Rice Grower Innovates to Control Sedge and Aquatic Weeds

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Arkansas farm has success with impregnating fertilizer with Loyant® herbicide

Being the first to try a new production practice has never deterred the team members at Isbell Farms. That’s why they seized the opportunity to put urea impregnated with Loyant® herbicide to the test against the toughest aquatic and sedge weeds.

“I was pretty much all-in on the first call. Once our co-op agreed to impregnate our urea with Loyant, it was just a matter of where it fit best,” says Jeremy Jones with Isbell Farms. “We had great success with Loyant controlling aquatic weeds and sedges that are very problematic in a water-seeded environment.”

Isbell Farms, a family operation in Arkansas’ southern Lonoke County, is a bit unusual for the area. The continuous rice farm is 100% zero grade. Much of the rice acreage is water-seeded with pre-sprouted hybrid rice flown into 4 inches of water.

The family members began water-seeding in the early 1980s to control red rice, borrowing aspects of their water-seeding system from California. Unlike their West Coast colleagues, their zero-grade rice fields are continuous with no levees pulled to separate rice paddies. The smallest field is 10 acres, and the largest is 85 acres.

“We water-seed to get the rice planted, hold the water long enough to get ahead of grassy weeds and red rice, and then we treat it like we would conventionally planted rice,” Jones says.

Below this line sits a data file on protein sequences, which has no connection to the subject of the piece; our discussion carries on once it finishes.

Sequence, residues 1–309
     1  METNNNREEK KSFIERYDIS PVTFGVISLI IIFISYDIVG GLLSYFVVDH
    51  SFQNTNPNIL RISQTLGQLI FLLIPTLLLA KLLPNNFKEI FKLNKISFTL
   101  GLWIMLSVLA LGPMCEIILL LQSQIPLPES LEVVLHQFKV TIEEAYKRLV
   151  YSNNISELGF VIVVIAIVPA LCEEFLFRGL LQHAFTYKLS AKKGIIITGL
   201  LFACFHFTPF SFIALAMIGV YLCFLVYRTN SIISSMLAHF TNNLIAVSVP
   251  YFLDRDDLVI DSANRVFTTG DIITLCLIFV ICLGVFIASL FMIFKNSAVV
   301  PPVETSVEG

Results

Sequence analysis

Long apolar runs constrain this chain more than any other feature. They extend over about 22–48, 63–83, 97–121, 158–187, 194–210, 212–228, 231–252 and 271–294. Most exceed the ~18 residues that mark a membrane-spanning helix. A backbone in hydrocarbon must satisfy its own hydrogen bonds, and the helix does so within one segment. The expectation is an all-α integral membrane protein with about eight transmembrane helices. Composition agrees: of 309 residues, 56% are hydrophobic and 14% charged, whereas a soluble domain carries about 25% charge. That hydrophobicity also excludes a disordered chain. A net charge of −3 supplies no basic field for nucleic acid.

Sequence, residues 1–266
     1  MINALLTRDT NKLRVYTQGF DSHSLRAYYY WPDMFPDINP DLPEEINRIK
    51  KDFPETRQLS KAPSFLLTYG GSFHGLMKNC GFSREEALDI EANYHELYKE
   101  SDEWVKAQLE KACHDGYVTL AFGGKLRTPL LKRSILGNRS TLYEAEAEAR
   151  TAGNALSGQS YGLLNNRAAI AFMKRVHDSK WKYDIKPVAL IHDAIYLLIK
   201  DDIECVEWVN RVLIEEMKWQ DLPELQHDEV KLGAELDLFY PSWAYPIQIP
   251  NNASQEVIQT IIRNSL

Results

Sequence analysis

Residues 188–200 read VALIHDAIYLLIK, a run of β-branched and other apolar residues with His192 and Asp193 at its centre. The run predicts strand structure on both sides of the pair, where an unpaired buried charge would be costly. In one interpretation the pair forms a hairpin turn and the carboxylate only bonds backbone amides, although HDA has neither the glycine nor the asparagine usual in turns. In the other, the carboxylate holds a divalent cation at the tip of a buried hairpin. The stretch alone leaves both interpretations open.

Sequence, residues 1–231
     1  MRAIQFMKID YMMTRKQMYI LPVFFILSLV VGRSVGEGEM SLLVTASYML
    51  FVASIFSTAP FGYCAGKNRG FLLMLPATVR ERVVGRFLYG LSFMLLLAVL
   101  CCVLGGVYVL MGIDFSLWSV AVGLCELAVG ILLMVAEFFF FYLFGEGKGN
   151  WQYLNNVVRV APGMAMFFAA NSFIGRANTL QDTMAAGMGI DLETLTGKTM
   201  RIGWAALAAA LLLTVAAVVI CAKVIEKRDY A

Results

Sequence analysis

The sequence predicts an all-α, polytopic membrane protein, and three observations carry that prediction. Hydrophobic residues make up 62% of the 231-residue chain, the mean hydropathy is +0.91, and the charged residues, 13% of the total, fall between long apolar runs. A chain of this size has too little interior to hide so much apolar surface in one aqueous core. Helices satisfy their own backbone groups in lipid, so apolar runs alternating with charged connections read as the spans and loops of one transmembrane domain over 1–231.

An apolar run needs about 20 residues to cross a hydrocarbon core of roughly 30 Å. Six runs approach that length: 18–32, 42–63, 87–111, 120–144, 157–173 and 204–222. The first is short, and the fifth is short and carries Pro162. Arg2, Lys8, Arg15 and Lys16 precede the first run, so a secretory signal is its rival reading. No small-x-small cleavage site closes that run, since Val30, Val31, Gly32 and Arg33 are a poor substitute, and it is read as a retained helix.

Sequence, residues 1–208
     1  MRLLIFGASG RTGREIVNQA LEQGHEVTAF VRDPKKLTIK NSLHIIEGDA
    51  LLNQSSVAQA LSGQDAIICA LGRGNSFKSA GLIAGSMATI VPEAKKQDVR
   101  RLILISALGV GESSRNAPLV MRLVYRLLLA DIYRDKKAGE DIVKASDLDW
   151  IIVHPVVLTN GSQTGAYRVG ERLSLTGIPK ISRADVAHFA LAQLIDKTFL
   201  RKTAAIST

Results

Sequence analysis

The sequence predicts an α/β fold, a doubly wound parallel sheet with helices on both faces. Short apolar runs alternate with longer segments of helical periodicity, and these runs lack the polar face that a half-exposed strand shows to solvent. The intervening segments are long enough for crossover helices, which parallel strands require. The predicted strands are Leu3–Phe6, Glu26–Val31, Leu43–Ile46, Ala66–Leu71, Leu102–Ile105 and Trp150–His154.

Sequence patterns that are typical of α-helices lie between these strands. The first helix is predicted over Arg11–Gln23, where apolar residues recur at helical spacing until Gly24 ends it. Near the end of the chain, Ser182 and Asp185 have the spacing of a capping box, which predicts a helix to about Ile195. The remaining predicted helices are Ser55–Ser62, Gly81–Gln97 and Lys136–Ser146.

The system has paid off in recent years when extremely wet early spring weather repeatedly delayed planting.

“The only way we could get the rice planted in our heavy buckshot soil was to water-seed,” he says. “We do some conventional tillage and drill-seeding of rice. But, by and large, it seems like the last five to seven years if we are going to get a crop in, it’s going to have to be water-seeded or we won’t get a crop in on time.”

Water-seeding gives Isbell Farms an edge on grass control, but it can increase aquatic weed pressure. Especially problematic is ALS-resistant smallflower umbrella sedge.

“We knew Loyant would give us control, but we weren’t sure how to get it out there,” Jones says.

Impregnating 150 pounds of urea fertilizer solved that issue. Jones normally splits his urea applications into three shots. In 2020, he impregnated his first 150-pound shot of urea with either a 12-ounce or 16-ounce rate of Loyant herbicide. While he wanted to test both herbicide rates, Jones says, he will move forward with only the full labeled rate of 16 ounces per acre based on weed control performance and company recommendations.

“The performance on the 12-ounce rate was good, but the 16-ounce rate was much better. That little bit extra was the ticket,” he says. “The 16-ounce rate of Loyant is definitely going to be the way to go with the fertilizer application.”

Jones’ primary targets were smallflower umbrella sedge and various aquatic weeds such as ducksalad, arrowhead and creeping burhead and redstem.

“Loyant took the aquatics out,” Jones says. “In one field, we had populations of smallflower umbrella sedge that were 6 to 8 inches tall and were so thick you couldn’t see the rice. I didn’t expect Loyant to do what it did, but it just annihilated that stuff. This is a weed that usually can only be controlled when it is a very small seedling. Loyant completely wiped it out, and it didn’t come back. I was very impressed.”

Jones’ fields treated with the urea-impregnated Loyant performed on par with his other fields without any negative yield response.

“One field, according to our yield monitor, had a dry yield of 243 bushels per acre. I’ve never been in rice like that before. That field always yields well, but that was an incredible field of rice,” Jones says. “Using impregnation makes Loyant easier on the crop, which is another added benefit.”

™ ® Loyant® is not registered for sale or use in all states. Contact your state pesticide regulatory agency to determine if a product is registered for sale or use in your state. Always read and follow label directions.